Tobacco Studies, Cannabis, E-Cigarettes & Vaping

The harmful effects of tobacco smoke exposure are well documented. Yet research is still necessary to understand the underlying pathophysiological mechanisms and there is a pressing need for new therapeutic agents to treat patients. Scientific evidence is also needed to understand the risks associated with vapour exposure from electronic cigarettes (e-cigarettes) in order to guide the decision-making process for the use of these nicotine delivery devices. The rapid adoption of e-cigarettes, especially amongst the youth, has spurred a rush to fill the knowledge gap pertaining to the safety profile for the users and the environment. Additionally, with increasing legalization of recreational cannabis, there is an increase interest in research into both the pulmonary effects of inhaled cannabis, as well as improving our understanding of the endocannabinoid system.

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Smoke composition is influenced by a number of technical factors. The constituents of smoke or their concentrations will differ whether the smoke is drawn from side-stream, main-stream or environmental tobacco smoke. It will also vary with the smoke preparation (e.g. cigarette brand, water filtered smoke or hookah, cigars, or e-cigarette liquids) or the puff profile used. Since studies assessing the impact of smoke are typically conducted over a prolonged time period, it is therefore important to consistently and reproducibly introduce the same smoke composition for each experimental session. The inExpose is a versatile, programmable, and compact exposure system that can be configured with smoke generation devices (e.g. cigarette smoking robot, single cigarette chamber, e-cigarettes), or nebulizers to generate a wide range of exposures consistently within and between studies, as well as across laboratories. Using the inExpose system, researchers create accurate and reproducible models of smoke exposure for tobacco, cannabis, and e-cigarette studies using automated generation of vapour, customizable puffing volumes and frequencies.




The impact of smoke exposure on the respiratory system can best be captured by evaluating the changes in lung function. These measurements are quantitative and can capture the effect of several disease determinants (e.g. extent and pattern of tissue destruction). The flexiVent system combines a wide selection of lung function measurements within a single device, while offering the sensitivity to capture small but significant changes. Overall and detailed respiratory mechanics, specific lung volumes, pressure-volume or flow-volume loops are examples of measurements that can be used to characterize the respiratory system in tobacco or e-cigarette-related studies, with some outcomes (e.g. FEV, lung volumes) also having a translational value.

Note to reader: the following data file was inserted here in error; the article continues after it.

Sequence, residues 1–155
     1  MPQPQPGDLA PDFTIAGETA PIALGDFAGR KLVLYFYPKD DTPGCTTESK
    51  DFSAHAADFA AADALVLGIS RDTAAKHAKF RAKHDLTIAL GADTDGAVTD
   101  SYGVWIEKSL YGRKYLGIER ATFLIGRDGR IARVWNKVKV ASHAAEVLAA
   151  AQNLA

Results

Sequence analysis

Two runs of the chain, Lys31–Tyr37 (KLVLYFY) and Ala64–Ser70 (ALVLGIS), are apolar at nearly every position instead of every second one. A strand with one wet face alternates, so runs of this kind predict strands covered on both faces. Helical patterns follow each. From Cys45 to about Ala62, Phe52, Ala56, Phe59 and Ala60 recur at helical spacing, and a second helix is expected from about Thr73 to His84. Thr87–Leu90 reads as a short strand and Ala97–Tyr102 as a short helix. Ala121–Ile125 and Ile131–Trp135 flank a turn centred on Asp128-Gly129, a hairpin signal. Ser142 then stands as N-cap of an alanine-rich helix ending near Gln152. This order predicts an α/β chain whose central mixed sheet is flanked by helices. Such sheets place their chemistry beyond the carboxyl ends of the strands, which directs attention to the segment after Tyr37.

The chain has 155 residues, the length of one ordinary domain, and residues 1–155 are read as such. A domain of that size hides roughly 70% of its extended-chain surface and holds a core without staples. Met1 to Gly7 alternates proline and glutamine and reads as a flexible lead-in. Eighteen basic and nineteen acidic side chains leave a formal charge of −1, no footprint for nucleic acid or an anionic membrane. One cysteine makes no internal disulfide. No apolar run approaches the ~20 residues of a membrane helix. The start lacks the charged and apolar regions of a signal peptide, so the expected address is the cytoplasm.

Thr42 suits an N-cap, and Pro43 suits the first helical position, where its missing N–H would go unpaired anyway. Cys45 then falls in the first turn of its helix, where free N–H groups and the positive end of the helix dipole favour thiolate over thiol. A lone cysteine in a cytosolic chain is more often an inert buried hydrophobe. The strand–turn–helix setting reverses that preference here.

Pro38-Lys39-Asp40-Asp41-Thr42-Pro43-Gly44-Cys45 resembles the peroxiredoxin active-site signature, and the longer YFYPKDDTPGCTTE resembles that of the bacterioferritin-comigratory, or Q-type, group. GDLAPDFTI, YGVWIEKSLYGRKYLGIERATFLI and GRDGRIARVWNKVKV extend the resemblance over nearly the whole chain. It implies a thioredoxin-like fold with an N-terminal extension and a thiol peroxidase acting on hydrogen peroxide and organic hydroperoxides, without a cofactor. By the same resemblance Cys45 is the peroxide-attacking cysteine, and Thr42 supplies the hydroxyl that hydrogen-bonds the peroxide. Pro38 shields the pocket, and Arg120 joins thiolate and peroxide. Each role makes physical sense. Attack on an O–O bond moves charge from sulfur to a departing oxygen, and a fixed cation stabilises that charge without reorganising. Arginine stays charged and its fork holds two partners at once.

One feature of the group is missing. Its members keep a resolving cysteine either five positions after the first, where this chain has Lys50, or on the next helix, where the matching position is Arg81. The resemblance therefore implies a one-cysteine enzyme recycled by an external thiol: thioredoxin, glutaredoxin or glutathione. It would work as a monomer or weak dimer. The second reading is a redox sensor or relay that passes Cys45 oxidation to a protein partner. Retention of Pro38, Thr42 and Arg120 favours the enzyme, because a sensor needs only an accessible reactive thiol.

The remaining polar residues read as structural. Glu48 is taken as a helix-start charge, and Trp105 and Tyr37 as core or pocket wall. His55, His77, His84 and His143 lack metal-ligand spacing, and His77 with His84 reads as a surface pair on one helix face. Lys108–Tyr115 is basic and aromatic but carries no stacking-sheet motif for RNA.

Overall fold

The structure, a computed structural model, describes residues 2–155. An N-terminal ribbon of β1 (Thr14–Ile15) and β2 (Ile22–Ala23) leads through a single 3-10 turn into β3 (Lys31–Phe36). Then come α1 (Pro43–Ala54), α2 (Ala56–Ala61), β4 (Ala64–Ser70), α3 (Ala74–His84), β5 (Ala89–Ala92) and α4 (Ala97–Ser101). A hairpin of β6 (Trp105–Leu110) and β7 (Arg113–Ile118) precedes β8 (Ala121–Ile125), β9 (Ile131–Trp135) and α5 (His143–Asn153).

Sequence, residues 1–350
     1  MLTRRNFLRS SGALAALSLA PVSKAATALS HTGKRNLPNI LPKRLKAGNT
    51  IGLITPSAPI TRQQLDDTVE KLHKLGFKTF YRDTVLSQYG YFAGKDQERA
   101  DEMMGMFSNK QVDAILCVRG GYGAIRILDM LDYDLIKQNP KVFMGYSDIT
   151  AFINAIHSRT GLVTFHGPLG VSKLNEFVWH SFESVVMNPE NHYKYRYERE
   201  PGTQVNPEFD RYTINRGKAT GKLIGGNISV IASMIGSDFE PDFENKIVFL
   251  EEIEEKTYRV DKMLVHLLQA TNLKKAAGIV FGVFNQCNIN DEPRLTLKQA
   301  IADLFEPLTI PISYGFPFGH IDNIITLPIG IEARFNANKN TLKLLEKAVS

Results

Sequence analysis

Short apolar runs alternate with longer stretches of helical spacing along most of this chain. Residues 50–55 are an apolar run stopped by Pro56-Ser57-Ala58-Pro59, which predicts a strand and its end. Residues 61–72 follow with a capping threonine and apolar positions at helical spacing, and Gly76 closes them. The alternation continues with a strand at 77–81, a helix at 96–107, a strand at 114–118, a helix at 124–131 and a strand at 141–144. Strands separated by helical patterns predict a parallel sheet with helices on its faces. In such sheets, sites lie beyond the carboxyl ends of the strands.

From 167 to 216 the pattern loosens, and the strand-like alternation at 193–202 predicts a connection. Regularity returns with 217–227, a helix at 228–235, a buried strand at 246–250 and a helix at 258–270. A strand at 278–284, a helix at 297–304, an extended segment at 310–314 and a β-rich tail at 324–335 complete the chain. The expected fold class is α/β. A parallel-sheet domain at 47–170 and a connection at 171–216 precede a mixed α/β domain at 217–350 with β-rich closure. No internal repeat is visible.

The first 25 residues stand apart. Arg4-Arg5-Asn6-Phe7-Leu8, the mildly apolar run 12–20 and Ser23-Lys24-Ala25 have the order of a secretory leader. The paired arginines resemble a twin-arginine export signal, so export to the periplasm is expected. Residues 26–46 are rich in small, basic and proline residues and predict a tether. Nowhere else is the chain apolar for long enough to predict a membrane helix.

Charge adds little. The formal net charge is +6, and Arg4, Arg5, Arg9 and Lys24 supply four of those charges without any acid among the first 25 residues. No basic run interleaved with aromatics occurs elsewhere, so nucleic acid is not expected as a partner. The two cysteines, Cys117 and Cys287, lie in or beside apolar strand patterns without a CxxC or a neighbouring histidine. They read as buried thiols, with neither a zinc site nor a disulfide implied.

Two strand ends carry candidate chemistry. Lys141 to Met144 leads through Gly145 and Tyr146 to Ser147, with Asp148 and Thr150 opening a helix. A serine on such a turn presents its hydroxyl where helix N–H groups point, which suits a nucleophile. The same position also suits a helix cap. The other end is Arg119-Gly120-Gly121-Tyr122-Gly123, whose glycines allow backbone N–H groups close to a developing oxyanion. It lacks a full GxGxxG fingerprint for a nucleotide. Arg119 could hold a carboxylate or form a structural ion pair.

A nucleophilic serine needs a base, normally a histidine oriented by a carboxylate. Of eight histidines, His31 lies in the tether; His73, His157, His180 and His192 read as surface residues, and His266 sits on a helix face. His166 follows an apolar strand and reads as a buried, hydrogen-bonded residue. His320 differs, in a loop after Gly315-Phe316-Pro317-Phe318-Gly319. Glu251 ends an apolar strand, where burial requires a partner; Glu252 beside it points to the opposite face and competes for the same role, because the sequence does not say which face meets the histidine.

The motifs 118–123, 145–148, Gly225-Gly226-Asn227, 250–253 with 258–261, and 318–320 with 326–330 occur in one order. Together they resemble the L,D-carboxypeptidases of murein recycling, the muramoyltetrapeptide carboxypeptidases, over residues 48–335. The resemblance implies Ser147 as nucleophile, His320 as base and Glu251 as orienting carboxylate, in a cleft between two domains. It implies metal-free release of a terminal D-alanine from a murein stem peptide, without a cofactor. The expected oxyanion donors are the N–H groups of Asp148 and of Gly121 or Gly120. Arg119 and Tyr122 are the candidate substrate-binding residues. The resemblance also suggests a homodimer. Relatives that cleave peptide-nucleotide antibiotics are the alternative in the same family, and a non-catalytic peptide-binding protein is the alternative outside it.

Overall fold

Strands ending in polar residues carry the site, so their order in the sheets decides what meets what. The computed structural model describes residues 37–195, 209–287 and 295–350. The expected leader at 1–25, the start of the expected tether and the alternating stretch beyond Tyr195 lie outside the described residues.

Smoke-related preclinical studies are often chronic studies involving repeated exposures over several months. During such studies, the harmful effects of smoke exposure on ventilation can be followed in a longitudinal manner using one of the plethysmography techniques (whole body, head-out, double-chamber). Parameters such as breathing frequency, tidal volume, or minute ventilation can be obtained non-invasively with these techniques, both under room air or altered atmospheric (e.g. hypoxia, hypercapnia) conditions. With the appropriate system configuration, the recording and computation of coughing events can also be achieved.


Smoking was established as a common determinant for smoke-related pulmonary and cardiovascular diseases. Exposures to smoke or its constituents can therefore affect airway and/or vascular smooth muscle contractility or relaxation. These effects can be directly addressed using tissue baths, a classic yet relevant and translational approach to study concentration-responses in isolated whole tissue preparations. The technique can be performed on contractile tissues from various sources or species under different conditions to simulate in vivo or clinical conditions (e.g. various oxygen concentrations).

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